A malicious message sent to Windows Phone’s message hub can disable the handset in a manner reminiscent of the “nuking” attack from the Windows 95 days. At the point the bad message is received, the phone reboots, and worst of all, it appears that the message hub application is permanently disabled. Back when people used to only use their phones to call and text, you’d perhaps think that having your phone reboot on you would be no big deal. But these days I find myself often as not composing some important missive.The attack has been reported to Microsoft. It affects both versions 7740 and 7720 of Windows Phone 7.5. When I first read this, I was wondering whether hackers were just expanding their already-prodigious knowledge of malware aimed at Windows OSes, but it’s worth noting that, in the lab at least, similar attacks have already been dealt with on iOS and Android. What this really portends is that the black hats and vandals are shifting their gaze to mobile, along with the rest of the computing industry.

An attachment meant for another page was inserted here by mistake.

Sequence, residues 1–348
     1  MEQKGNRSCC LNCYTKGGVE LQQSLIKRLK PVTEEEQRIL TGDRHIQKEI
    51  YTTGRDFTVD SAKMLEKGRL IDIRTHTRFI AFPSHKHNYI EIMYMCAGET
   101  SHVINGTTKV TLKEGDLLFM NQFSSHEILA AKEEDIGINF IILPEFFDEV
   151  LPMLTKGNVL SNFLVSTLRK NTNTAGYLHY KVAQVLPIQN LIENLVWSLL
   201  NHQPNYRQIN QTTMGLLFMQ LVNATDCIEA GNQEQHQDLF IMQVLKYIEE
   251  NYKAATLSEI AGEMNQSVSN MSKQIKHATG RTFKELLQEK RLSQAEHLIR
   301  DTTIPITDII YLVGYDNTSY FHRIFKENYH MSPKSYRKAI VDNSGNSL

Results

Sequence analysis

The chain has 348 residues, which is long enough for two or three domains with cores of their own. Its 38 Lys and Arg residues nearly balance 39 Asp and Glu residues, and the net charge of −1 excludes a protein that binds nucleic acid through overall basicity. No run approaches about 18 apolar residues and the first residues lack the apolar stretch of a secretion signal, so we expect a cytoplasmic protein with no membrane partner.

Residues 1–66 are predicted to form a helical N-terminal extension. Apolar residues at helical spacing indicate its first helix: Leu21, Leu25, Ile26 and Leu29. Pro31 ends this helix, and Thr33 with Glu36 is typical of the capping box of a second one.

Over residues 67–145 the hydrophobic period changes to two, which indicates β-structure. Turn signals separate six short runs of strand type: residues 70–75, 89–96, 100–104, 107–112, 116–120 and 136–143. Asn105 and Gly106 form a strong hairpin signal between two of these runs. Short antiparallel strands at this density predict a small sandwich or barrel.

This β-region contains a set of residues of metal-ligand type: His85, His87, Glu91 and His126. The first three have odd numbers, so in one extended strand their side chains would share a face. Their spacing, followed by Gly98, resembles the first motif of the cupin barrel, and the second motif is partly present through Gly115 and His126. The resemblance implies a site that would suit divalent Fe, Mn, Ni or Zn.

I have no doubt that it will be fixed and a patch will be disseminated forthwith. The big question is, with two decades of cat-and-mouse between OS vendors and hackers under their belts, will the mobile platforms be relatively hardened compared to the worst times, when it seemed that new PCs were instantly infected the moment they connected to the net for the first time, or are exploits like this just a speedbump, and mobile platforms will remain largely uncompromised in the real world?
I’m not worried about it. Because of the huge variety of platforms, malware on cell phones is difficult to spread. Exploits for one phone won’t work on most other phones (unlike the days when connecting pre-SP2 XP without a firewall directly to the internet resulted in an infection in 30 seconds. Practically everybody had XP)
These external attacks on cell phones are relatively rare, and their surface area for attack is much, much smaller than, say, a desktop computer.
Because of the diversity of platforms, cracking each OS becomes less valuable, as the exploits can reach a smaller number of people. I don’t expect we’ll see quite the homogenization of platforms in the phone world that we saw in on the desktop. I think it’ll stay diverse, much like the console market.